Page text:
In January 1953, a linguist working for the American Bible Society, James A. Lauriault/Loriot, needed to find answers to some fundamental errors in translating Quechua, in the Cuzco area of Peru. Following Harris's 1952 publications, he worked over the meaning and placement of each word in a collection of Quechua legends with a native speaker of Quechua and was able to formulate discourse rules that transcended the simple sentence structure. He then applied the process to Shipibo, another language of Eastern Peru. He taught the theory at the Summer Institute of Linguistics in Norman, Oklahoma, in the summers of 1956 and 1957 and entered the University of Pennsylvania to study with Harris in the interim year. He tried to publish a paper Shipibo Paragraph Structure, but it was delayed until 1970 (Loriot & Hollenbach 1970).[citation needed] In the meantime, Kenneth Lee Pike, a professor at University of Michigan, Ann Arbor, taught the theory, and one of his students, Robert E. Longacre developed it in his writings. Harris's methodology disclosing the correlation of form with meaning was developed into a system for the computer-aided analysis of natural language by a team led by Naomi Sager at Medical Language Processor is publicly available on SourceForge.

In the humanities

In the late 1960s and 1970s, and without reference to this prior work, a variety of other approaches to a new cross-discipline of DA began to develop in most of the humanities and social sciences concurrently with, and related to, other disciplines, such as semiotics, psycholinguistics, sociolinguistics, and pragmatics. Many of these approaches, especially those influenced by the social sciences, favor a more dynamic study of oral talk-in-interaction. An example is "conversational analysis", which was influenced by the Sociologist Harold Garfinkel, the founder of Ethnomethodology.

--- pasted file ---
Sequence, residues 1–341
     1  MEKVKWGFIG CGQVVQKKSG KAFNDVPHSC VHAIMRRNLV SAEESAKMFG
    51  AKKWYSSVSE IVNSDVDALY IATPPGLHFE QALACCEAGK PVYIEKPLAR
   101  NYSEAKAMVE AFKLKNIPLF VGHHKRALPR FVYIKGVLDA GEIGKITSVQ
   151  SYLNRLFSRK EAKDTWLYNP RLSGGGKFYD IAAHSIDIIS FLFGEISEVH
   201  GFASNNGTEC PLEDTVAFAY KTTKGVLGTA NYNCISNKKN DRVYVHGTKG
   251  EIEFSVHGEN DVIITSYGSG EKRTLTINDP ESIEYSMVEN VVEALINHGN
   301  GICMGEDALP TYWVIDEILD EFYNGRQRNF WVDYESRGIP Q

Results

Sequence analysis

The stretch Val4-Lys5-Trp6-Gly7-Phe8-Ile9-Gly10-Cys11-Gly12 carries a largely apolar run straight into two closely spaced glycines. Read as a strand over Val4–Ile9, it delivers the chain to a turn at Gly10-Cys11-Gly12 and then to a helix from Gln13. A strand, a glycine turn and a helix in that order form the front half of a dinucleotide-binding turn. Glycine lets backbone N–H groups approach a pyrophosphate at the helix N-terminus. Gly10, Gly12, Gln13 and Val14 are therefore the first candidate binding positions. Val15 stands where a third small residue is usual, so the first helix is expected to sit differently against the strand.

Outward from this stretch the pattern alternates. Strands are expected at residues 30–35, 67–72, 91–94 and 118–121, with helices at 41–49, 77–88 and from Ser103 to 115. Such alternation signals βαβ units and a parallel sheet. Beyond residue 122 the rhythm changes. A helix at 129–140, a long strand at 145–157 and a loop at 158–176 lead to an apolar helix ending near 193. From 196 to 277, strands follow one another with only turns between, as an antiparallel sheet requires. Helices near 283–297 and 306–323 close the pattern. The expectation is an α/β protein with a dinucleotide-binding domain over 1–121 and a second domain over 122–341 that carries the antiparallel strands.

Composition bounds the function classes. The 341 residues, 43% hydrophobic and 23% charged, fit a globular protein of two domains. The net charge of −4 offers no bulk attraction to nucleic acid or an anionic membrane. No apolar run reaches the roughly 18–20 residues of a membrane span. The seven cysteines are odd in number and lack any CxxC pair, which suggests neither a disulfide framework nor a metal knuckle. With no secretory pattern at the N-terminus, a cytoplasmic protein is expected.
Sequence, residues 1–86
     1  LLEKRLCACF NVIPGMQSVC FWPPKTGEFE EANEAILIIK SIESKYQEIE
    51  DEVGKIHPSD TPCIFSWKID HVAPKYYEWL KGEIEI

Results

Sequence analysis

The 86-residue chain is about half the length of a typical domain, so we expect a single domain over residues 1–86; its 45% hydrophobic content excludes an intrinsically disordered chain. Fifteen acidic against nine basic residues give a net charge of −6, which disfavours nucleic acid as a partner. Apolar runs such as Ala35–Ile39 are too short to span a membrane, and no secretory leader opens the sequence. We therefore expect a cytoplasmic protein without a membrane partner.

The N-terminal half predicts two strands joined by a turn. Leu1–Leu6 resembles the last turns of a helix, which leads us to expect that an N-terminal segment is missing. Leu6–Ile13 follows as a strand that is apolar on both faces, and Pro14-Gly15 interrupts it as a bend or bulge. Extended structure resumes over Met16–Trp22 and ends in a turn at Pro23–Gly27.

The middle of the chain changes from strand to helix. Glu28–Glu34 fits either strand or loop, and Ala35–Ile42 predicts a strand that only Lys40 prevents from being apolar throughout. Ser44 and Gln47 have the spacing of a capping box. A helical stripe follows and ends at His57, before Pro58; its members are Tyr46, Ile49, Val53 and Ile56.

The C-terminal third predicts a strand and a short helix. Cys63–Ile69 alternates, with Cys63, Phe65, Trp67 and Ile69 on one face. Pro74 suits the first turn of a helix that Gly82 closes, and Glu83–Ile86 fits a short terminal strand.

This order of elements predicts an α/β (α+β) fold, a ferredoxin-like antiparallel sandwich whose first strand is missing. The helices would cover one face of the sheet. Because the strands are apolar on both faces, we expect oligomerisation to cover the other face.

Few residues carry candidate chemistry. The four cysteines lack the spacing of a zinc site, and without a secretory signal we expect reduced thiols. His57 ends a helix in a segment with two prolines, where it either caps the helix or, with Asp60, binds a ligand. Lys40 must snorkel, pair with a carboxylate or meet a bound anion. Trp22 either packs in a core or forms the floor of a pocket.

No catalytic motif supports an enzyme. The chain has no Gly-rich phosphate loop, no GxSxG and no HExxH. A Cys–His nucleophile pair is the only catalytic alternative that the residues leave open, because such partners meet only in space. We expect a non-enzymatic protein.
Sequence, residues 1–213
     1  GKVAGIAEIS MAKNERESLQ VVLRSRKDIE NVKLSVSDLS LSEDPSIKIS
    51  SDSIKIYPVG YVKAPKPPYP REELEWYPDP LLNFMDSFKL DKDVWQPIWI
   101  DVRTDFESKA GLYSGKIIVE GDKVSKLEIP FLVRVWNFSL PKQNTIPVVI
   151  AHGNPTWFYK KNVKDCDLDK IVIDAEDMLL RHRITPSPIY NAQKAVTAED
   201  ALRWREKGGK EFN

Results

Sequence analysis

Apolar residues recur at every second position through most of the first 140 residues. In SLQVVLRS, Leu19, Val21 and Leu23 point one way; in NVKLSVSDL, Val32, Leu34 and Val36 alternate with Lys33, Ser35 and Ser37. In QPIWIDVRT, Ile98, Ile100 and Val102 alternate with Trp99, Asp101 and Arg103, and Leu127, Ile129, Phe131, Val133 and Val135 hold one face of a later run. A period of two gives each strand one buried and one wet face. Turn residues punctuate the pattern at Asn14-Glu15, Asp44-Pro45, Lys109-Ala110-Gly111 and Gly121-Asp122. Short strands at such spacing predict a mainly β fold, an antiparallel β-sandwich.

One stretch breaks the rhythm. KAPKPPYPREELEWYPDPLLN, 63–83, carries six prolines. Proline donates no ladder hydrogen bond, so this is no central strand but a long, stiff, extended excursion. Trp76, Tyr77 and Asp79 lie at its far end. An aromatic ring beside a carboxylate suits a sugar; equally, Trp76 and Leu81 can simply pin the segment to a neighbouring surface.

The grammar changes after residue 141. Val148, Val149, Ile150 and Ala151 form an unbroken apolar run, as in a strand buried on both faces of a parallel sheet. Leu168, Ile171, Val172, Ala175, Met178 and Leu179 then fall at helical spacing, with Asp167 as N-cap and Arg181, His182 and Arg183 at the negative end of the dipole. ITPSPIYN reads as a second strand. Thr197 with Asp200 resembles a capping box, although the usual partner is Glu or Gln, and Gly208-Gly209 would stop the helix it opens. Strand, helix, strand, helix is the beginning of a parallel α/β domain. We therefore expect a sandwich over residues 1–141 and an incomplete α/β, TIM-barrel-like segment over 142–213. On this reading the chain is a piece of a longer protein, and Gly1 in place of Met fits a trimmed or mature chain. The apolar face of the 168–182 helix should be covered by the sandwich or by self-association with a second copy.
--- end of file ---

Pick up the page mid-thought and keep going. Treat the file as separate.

Foucault

In Europe, Michel Foucault became one of the key theorists of the subject, especially of discourse, and wrote The Archaeology of Knowledge. In this context, the term 'discourse' no longer refers to formal linguistic aspects, but to institutionalized patterns of knowledge that become manifest in disciplinary structures and operate by the connection of knowledge and power. Since the 1970s, Foucault's works have had an increasing impact especially on discourse analysis in the social sciences. Thus, in modern European social sciences, one can find a wide range of different approaches working with Foucault's definition of discourse and his theoretical concepts. Apart from the original context in France, there is, at least since 2005, a broad discussion on socio-scientific discourse analysis in Germany. Here, for example, the sociologist Reiner Keller developed his widely recognized 'Sociology of Knowledge Approach to Discourse (SKAD)'.[5] Following the sociology of knowledge by Peter L. Berger and Thomas Luckmann, Keller argues, that our sense of reality in everyday life and thus the meaning of every object, actions and events are the product of a permanent, routinized interaction. In this context, SKAD has been developed as a scientific perspective that is able to understand the processes of 'The Social Construction of Reality' on all levels of social life by combining Michel Foucault's theories of discourse and power with the theory of knowledge by Berger/Luckmann. Whereas the latter primarily focus on the constitution and stabilisation of knowledge on the level of interaction, Foucault's perspective concentrates on institutional contexts of the production and integration of knowledge, where the subject mainly appears to be determined by knowledge and power. Therefore, the 'Sociology of Knowledge Approach to Discourse' can also be seen as an approach to deal with the vividly discussed micro–macro problem in sociology.[citation needed]